Vicksburg Schools and All Others on Shutdown

Keevin O’Neill, Vicksburg superintendent of schools on the right and Steve Goss on the left, have faced a huge challenge with the mandated shut down of schools by the Governor.

By Sue Moore

Little did Vicksburg School Superintendent Keevin O’Neill suspect when he left a March 9 school board meeting that three days later the school district would be in shutdown mode. His job just became even more challenging with the whirl of activity caused by Governor Gretchen Whitmer’s order to close all schools in Michigan through mid-April due to the spreading COVID-19 pandemic.

“Our job, as always, is to keep everyone safe and healthy. We are waiting on more guidance from the Governor. We urge our families to be calm and patient. We don’t have solid answers until we get guidance from the state. In the meantime, we’ve been pushing out our communications to school families on a regular basis,” O’Neill said.

O’Neill can reach every family enrolled within the district within minutes. Following is a partial communication sent by the superintendent at the end of the first week of the shutdown.

Over 800 Chromebook laptop computers have been distributed to our families the past two days.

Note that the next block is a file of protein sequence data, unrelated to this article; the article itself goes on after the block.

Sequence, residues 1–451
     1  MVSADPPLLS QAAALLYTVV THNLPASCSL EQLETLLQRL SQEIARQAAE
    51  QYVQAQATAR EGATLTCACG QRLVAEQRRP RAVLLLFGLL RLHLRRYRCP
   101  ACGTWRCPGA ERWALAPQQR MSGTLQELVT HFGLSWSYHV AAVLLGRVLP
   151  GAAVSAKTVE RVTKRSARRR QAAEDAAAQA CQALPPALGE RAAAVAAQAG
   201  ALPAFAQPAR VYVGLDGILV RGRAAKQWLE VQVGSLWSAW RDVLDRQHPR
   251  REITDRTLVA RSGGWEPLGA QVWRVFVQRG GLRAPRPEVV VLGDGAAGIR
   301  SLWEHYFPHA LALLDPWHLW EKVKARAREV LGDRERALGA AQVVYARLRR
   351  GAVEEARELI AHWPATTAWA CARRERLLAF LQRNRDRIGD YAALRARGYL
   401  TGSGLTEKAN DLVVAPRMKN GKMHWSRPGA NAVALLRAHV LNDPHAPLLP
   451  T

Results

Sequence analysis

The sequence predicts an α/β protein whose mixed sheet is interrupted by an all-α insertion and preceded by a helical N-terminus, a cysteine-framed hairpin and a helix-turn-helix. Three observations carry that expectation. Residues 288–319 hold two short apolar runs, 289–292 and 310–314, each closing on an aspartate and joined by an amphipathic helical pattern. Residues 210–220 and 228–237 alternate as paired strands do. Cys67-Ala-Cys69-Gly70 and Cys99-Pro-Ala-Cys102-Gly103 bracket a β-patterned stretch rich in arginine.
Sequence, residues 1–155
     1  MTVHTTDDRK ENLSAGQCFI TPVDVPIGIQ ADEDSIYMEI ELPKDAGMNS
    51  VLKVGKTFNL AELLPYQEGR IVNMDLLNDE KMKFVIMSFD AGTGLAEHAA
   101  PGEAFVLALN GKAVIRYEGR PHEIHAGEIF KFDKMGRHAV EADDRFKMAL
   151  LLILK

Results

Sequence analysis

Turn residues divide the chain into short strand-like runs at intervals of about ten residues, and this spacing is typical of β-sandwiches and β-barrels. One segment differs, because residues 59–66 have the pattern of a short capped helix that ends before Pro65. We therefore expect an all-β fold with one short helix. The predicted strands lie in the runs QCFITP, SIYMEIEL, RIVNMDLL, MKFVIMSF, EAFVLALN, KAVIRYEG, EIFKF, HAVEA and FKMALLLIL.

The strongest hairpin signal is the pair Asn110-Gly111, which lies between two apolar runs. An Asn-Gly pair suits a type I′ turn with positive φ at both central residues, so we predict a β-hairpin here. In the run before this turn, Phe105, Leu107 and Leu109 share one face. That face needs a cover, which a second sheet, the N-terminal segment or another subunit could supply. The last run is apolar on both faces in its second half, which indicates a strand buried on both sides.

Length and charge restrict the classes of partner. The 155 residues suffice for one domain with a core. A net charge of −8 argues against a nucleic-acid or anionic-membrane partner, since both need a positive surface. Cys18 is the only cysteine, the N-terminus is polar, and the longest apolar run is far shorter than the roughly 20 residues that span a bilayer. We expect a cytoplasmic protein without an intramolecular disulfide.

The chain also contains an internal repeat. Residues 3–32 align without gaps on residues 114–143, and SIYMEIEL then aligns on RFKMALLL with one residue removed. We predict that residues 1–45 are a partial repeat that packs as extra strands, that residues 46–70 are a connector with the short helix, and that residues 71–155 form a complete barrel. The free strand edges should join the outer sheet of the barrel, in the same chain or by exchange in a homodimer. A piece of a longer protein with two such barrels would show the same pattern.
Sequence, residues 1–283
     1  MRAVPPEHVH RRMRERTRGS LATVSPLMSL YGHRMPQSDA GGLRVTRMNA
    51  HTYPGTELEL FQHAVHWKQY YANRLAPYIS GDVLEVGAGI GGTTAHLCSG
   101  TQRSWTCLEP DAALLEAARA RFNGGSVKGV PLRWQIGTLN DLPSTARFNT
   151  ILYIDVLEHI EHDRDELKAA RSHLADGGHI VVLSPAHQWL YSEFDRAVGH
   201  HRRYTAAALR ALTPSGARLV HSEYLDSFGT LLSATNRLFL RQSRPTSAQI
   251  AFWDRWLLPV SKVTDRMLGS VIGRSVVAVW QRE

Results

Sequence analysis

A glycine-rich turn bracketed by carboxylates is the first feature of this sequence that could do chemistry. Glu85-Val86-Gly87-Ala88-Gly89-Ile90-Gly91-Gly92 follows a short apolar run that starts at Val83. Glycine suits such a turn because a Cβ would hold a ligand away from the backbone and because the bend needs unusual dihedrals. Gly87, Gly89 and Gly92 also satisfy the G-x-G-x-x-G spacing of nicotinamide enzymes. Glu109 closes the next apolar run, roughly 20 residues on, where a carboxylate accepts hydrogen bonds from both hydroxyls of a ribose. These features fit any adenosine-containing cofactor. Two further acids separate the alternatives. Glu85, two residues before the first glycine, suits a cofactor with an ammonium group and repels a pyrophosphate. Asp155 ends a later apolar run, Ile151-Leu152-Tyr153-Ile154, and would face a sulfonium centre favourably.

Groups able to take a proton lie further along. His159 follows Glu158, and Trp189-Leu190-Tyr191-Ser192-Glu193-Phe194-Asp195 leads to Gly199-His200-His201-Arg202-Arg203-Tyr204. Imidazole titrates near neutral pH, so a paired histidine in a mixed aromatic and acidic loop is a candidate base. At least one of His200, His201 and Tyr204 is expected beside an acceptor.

Food service and transportation have been working collaboratively to deliver and hand out food to our families. The outpouring of thanks from our families has been non-stop.

Our maintenance and custodial teams have reported daily to ensure deep cleaning occurs.

Thank you to teachers who have pushed out optional learning materials to our students. Our goal is to prevent “slide”, and even though the activities will not be graded and are totally optional, many, many families (including me!) are thrilled their children will have opportunities to maintain.

Principals have also entered the new “normal” and continue to lead buildings virtually.

Thank you to the building secretaries for handling the first few days of the shutdown. Your customer service has shined this week!

Tech investments have been a big help but none of the assignments given will count as instruction time according to the State. Because not all families have internet connection, the schools can’t legally move forward with progression of learning. It’s a matter of equality and the State is making this call for all of the schools, O’Neill pointed out.

“We (administrators) agreed to work from home. There is not a lot of activity at any of the buildings. The plan is to be up to running immediately when we come back,” O’Neill said.

“The bond issue request on the ballot is still going on in May. The question is whether the township clerk will have people willing to work an election by then. There are so many unknowns, it’s hard to even comment,” O’Neill said.

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